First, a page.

Khe Sanh Hill Fights of ‘67

Compiled by Ray Stubbe
All Rights Reserved by the Author

HILL 861 TAKEN 28 April 1967 

Plans for 28 April were to attack the area commanded by three key terrain features: Objective #I was Hill 861 (XD 803443), Objective #2 was Hill 881-South (XD 778438), and Objective #3 was Hill 881 -North (XD 775458). Battalion 2/3 south of Hill 861 was to seize Objective #1 after supporting arms had blasted it on 28 April Battalion 3/3 was to follow in the trace of 2/3 and then wheel to the west in an arcing movement, securing the key terrain between Objectives # I and #2 and attack and seize Objective #2 from a northeasterly direction. After Objective # I was secured by 2/3 and thoroughly searched for enemy documents, weapons, and equipment, and after Objective #2 had been secured, 2/3 was to attack and seize Objective #3 from the east. Duration of the operation was contingent on enemy resistance encountered. 

On 28 April, 2/3 assaulted Objective #1, Hill 861 (XD 803443) with two companies abreast (Co's E and G) and secured it at 281630H encountering no enemy. 

Between 1910H and 1840H, E/2/3 received sporadic mortar fire for a total of 19 incoming 60mm mortars, but suffered no casualties. 2/3 set in for the night with the two assaulting companies remaining in the vicinity of the objective and the command group and the remaining company to the south. 

3/3, composed of a command group and three companies (M/3/3, K/3/9, and M/3/9), moved overland from KSCB to occupy night positions on the southwestern flank of 2/3, with the command group and a company at XD 803427 and the remaining two companies deployed to the west. 

During the 28th, air dropped 382,700 pounds of ordnance, including 74,250 pounds of ordnance and twelve 2,000-pound bombs (DELTA-4, M-84), while artillery fired 968 rounds in observed missions and 107 rounds as H&Is. In addition two Arc Light strikes were conducted, centered at XD 955455 and XD 780530.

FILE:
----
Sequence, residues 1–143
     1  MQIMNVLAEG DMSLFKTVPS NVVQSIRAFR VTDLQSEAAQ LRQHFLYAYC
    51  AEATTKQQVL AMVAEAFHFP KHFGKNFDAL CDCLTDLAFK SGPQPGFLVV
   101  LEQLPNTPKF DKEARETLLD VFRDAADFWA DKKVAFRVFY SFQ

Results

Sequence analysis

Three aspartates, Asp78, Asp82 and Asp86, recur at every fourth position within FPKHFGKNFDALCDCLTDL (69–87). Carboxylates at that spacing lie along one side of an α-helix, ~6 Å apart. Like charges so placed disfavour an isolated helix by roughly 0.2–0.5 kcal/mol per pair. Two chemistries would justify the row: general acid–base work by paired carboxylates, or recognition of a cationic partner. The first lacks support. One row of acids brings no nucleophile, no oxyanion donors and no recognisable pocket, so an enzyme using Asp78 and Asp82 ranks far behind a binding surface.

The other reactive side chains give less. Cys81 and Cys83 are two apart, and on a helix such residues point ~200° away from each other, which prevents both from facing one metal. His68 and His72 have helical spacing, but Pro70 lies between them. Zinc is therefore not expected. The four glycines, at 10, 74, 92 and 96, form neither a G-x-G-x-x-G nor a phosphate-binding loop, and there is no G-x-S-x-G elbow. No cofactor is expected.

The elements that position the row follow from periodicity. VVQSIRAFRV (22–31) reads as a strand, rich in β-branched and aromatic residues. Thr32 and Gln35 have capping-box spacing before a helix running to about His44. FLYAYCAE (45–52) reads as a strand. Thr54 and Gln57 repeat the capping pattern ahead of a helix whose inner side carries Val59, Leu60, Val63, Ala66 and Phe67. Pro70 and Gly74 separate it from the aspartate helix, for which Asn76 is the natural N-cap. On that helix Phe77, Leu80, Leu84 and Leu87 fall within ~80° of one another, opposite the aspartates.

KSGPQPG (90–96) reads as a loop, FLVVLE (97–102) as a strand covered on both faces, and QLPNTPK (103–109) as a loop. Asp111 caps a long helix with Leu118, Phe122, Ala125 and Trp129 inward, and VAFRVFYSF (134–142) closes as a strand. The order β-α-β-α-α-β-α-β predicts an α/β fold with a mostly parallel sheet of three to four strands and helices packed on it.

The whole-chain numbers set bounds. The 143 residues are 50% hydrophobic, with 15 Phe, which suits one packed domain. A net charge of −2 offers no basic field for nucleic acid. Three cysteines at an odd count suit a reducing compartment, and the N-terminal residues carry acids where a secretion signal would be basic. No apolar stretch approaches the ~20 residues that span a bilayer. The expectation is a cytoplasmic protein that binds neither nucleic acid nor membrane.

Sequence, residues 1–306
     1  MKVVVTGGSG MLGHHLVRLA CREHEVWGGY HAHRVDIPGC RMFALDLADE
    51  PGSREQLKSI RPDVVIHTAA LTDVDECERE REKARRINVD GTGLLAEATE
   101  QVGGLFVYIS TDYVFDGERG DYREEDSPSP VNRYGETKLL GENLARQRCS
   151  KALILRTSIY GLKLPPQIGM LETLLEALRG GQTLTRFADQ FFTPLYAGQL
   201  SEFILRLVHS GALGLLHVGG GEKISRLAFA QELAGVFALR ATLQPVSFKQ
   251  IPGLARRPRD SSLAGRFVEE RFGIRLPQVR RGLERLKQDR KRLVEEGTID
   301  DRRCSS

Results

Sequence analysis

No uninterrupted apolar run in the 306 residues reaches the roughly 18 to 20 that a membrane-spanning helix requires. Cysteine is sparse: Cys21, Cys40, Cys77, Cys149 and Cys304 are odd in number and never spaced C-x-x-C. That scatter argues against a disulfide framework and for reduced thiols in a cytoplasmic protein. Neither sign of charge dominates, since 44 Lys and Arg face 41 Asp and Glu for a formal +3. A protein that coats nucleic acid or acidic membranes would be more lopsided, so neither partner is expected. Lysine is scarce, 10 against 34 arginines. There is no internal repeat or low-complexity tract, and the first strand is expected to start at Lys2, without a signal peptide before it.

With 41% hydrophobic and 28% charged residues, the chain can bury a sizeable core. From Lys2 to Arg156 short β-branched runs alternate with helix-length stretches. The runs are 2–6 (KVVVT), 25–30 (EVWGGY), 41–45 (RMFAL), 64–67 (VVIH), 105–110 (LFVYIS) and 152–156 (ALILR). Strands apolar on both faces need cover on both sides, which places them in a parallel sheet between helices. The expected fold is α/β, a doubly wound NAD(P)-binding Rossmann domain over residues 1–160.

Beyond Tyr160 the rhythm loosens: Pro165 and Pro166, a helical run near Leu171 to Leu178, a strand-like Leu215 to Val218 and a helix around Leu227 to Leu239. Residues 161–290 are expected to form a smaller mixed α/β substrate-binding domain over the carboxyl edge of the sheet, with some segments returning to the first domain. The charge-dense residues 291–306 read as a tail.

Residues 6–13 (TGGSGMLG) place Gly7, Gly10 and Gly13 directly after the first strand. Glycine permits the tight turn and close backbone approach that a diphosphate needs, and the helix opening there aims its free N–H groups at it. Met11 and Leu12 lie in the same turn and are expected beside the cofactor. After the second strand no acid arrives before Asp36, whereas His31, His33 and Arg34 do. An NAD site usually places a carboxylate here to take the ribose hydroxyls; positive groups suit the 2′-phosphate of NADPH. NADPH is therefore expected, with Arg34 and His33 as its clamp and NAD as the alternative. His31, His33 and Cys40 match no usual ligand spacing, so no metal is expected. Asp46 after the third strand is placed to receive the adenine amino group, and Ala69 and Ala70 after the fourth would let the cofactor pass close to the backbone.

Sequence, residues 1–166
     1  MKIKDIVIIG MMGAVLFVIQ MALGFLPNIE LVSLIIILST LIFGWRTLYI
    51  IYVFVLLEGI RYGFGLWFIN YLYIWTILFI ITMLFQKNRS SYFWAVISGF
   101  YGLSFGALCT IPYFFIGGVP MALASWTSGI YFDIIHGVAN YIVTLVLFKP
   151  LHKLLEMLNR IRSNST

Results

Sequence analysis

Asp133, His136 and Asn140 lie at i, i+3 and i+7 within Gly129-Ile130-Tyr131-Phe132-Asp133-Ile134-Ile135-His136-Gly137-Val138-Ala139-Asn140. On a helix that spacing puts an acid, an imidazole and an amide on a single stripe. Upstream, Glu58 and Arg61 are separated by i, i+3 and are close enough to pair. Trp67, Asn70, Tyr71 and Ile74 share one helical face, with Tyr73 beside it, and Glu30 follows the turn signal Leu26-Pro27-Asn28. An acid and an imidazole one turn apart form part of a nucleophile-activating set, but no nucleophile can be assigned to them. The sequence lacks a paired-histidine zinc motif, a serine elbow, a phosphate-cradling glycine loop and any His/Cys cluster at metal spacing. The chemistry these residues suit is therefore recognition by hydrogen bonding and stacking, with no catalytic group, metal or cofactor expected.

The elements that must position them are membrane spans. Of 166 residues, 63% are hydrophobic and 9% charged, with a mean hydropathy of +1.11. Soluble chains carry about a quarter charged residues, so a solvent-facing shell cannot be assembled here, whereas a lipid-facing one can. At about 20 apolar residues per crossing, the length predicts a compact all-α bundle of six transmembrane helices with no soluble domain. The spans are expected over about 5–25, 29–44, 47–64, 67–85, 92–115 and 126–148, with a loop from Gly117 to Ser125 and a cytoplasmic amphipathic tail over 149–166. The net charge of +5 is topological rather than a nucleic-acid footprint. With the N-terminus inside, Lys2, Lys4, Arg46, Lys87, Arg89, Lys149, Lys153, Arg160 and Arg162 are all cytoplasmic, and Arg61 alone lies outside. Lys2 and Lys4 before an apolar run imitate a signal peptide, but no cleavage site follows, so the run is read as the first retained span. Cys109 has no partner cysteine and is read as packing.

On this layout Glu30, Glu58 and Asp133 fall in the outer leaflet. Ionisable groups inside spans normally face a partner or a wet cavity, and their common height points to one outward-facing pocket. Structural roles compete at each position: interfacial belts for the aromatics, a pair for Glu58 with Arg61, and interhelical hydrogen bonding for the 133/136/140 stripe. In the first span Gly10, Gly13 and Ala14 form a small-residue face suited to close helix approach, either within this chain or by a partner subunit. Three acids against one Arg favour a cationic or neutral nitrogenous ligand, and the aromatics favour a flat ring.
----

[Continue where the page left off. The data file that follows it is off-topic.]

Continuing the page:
The Battle of the Hills had little to do with the local situation at Khe Sanh; it was as though two enemy forces entered a virgin area and fought it out, without regard to the local inhabitants. 

Col Corson relates that some distance from all the action, several local populace [he calls "Vietnamese" but were probably Bru tribesmen] were standing beside a Marine radio jeep watching the fire-power rained upon Hill 861. The day was finally clear; the action was clearly visible. One of the locals asked a Marine Major in the jeep why the assault forces continued to attack up a hill in the face of enemy fire, and the Major, annoyed and yet intrigued by a primitive person speaking English, sarcastically responded that that is where the enemy was! Then the local citizen asked why the Marines did not use the tunnel running through the mountain, attacking the enemy from the rear. The Major now became interested! But Hill 861 was already taken, and the Major angrily looked at the local man and asked why he didn't mention the tunnel earlier. The man responded that he had not been asked. He walked away. The real reason was that the local leader, Mr. Anya, had attempted to speak with the Marines for 5 days, but the Marines, preoccupied with the tactical situation, did not wish to speak with him. Hill 861 contained, in fact, five natural caves.